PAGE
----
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THE WAR AND TREATY The Lovers Game Tour

THE WAR AND TREATY The Lovers Game Tour


Visulite Theatre (16+ (Must have ID) - Under 16 with Parent Only)

Doors Open: 7:00 - Show Starts: 8:00

Tickets: $21.00 (Advance) / $26.00 (Day of Show)

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The War And Treaty have amassed a following as eclectic as their sound itself with "voices that will stop you in your tracks”(Garden and Gun) and their bluesy but joyful fusion of Southernsoul, gospel, Country, and rock-and-roll. The husband-and-wife team of Michael Trotter Jr. and Tanya Trotter "continue their commando, no-limits journey to the top of the music world" (Associated Press) following their latest widely acclaimed release, HEARTS TOWN. Known fo ra live show nearly revival-like in its intensity, they "build up waves of emotion that crash into a cathartic release of a tour-de-force performance,"(Austin-AmericanStatesman)as the versatile duo has opened for artists such as Al Green, Brandi Carlile, Jason Isbell, John Legendand Lauren Daigle while their multifaceted collaborative efforts include Dierks Bentley, Elvis Costello, Emmy lou Harris, Leslie Jordan, Mumford & Sons, Nitty Gritty Dirt Band and Sturgill Simpson.The 2021 International Folk Music Awards“Artist of the Year” an Americana Music Association’s 2019 “Emerging Artist of the Year”continue to reveal new headlining dates and will serve as direct support for Van Morrison (5/7-5/10) ahead of their overseas trek this summerto Australia, Denmark, Ireland, Netherlands, United Kingdom and Scotland.

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Start Time: 8:00

Stand in the Joy

William Prince is not waiting. Not holding his breath, not keeping score, not wishing for what he doesn’t have or hoping for better days. From where he stands, those better days are here. The time to let happiness in, to welcome the good things it brings and to enjoy the good times it makes, is now. Not one day. Today.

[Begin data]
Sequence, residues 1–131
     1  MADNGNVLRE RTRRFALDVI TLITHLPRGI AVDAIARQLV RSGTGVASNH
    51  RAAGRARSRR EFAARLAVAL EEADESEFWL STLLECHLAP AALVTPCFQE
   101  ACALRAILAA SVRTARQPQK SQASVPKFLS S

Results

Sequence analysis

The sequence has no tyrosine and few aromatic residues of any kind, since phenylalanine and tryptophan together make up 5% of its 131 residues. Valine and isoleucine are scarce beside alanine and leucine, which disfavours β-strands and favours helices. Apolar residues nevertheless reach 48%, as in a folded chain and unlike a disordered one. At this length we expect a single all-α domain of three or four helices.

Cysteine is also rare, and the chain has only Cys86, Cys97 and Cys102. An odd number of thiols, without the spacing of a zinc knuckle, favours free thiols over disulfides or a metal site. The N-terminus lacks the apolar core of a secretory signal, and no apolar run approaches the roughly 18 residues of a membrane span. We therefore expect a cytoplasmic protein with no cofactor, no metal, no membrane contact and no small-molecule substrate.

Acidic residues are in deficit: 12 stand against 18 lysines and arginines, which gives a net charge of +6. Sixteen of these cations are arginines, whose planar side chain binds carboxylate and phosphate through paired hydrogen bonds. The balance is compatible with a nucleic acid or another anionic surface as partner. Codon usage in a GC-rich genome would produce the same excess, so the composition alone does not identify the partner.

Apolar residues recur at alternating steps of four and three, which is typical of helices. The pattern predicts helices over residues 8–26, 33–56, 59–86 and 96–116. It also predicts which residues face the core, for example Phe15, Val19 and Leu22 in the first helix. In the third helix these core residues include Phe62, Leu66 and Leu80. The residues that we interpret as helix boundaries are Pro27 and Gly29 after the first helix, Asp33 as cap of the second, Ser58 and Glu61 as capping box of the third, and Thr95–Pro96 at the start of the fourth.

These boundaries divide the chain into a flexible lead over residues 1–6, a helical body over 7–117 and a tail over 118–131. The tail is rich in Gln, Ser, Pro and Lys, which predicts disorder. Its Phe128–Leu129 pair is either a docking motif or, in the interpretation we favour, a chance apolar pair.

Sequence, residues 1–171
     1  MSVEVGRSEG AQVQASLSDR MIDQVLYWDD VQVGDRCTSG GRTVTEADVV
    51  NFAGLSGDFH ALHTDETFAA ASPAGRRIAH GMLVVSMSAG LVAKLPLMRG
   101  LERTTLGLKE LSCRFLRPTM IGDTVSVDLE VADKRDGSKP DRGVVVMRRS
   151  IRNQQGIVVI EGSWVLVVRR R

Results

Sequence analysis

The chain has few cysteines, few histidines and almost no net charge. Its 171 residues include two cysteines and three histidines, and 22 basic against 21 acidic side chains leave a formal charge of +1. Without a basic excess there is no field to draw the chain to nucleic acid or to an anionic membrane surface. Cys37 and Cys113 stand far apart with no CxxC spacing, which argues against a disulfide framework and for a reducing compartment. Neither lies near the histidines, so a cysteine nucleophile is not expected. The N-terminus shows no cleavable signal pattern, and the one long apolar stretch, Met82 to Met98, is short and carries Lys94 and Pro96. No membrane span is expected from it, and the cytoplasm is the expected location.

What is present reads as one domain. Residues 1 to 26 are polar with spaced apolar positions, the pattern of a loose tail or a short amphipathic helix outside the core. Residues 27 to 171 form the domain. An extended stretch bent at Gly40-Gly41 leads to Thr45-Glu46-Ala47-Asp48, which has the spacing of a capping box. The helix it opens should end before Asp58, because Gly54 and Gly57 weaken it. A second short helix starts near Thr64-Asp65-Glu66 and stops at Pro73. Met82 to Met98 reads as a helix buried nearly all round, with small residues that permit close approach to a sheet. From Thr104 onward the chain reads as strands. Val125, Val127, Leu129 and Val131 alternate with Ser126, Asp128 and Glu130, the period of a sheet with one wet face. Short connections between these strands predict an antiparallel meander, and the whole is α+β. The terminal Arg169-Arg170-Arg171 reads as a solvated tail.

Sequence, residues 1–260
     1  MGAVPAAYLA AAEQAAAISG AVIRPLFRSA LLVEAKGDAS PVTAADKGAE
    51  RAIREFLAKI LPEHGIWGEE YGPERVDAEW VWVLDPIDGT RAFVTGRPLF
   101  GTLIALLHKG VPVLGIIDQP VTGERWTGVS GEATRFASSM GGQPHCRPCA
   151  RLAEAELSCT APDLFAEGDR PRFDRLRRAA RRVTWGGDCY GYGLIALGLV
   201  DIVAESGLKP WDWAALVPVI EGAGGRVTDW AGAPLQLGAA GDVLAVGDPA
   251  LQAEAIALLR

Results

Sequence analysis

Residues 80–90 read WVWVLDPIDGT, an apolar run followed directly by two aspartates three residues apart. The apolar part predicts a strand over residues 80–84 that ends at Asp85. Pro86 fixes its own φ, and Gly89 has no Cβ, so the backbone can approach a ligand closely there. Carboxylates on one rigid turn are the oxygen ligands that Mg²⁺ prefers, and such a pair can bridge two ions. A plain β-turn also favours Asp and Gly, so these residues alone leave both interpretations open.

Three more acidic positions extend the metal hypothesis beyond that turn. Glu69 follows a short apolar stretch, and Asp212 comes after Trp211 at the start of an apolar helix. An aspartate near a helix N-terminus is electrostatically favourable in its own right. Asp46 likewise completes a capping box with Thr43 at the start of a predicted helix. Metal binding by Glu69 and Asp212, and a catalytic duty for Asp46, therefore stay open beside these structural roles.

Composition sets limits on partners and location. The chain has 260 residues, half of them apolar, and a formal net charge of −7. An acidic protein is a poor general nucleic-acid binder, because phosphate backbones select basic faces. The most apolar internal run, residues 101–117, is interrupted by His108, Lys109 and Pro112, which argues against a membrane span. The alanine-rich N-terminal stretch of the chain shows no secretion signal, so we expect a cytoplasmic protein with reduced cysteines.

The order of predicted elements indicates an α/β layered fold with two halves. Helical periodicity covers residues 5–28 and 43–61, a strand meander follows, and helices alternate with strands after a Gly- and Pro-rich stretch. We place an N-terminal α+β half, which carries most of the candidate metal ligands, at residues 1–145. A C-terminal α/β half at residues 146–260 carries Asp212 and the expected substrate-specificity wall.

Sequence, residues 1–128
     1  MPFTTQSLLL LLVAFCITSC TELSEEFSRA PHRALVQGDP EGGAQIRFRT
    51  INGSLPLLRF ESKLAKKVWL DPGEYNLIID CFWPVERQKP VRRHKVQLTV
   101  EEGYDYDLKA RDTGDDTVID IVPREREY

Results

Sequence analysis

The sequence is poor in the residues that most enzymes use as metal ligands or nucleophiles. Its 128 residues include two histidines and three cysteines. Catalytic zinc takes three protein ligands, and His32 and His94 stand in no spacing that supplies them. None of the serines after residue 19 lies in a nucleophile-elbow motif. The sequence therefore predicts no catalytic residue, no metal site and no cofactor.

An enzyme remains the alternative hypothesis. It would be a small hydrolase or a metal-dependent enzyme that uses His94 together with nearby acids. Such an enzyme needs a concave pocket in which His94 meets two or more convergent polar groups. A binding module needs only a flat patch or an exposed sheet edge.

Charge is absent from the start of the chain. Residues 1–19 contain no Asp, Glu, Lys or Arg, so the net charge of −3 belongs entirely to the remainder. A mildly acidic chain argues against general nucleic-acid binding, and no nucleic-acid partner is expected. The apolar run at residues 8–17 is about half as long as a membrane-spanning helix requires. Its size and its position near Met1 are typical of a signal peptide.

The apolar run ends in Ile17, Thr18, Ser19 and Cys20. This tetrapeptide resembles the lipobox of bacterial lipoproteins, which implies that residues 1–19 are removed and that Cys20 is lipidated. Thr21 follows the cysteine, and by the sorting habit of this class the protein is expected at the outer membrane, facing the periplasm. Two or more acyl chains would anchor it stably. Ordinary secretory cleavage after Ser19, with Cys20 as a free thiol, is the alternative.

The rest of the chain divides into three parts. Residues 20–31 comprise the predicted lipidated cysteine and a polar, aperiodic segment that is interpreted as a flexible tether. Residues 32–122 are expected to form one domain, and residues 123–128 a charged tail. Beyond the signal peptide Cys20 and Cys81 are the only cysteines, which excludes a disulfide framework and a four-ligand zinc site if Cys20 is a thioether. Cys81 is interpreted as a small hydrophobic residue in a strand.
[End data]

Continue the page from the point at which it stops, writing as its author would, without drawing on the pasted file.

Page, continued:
William Prince’s new album is a declaration of joy, an active and energized mind and body state. This is what joy feels like, for William. It’s all around. Leading with gratitude, Prince offers his perspective on what it feels like, for him, to love and be loved wholeheartedly. “This record shines a light on one of my greatest sources of strength and happiness: her.” This is Stand in the Joy. 

While memory is what shapes our concept of time, dwelling in the past prevents us from moving beyond old, bad habits that keep breaking connections. In “When You Miss Someone,” which introduces the new album, Prince describes the physical hallmarks of longing. You might not relate exactly to Prince’s example: “you can stand in front of the Eiffel Tower and wish you were in Winnipeg,” but you know the feeling. The twist, Prince’s realization, is that this is just a feeling, and it need not hold you back. Alongside also comes “Tanqueray,” a song that captures the head rush of new love, the kind that sets larger things - including the story of this album - in motion. "I want to be like Johnny Cash, an artist for the people,” says William. And the people drink Tanqueray. 

Time is a major theme throughout, but not simply as nostalgia. If we think about an album as a passage of time, Stand in the Joy is both a summation and a progression. It’s the time spent since 2020, Prince’s last full-length albums. It’s the time spent at home, and then the time spent away from home. Prince marks the great distance he’s traveled, measured in years, geography and emotional growth, with songs like “Only Thing We Need,” and “Young.” The first, written about lockdown, the second, written about Prince’s 16 year old self; both versions are equally of the past, which is where they’ll stay. “I look back now and I almost wouldn’t change it,” says Prince. Most importantly, these songs speak directly to his biggest ask of time: he would only like more of it. 

Three songs come together in a sequence that speaks to the very heart of the matter. The progression goes from “Goldie Hawn,” a reverential ode to women, to “Easier and Harder,” a universal truth about the workings of love, to “Peace of Mind,” a message about not making drama for yourself, and the source of the album’s title with the lyric “I will stand in the joy where I’ve never stood before.” The songs all gather around the sentiments of newness, hope, and corners turned. This is a work of self-actualization; of Prince fully believing in himself. “The things I wished for most in the hard times - peace of mind, love and happiness - are things I now have.”

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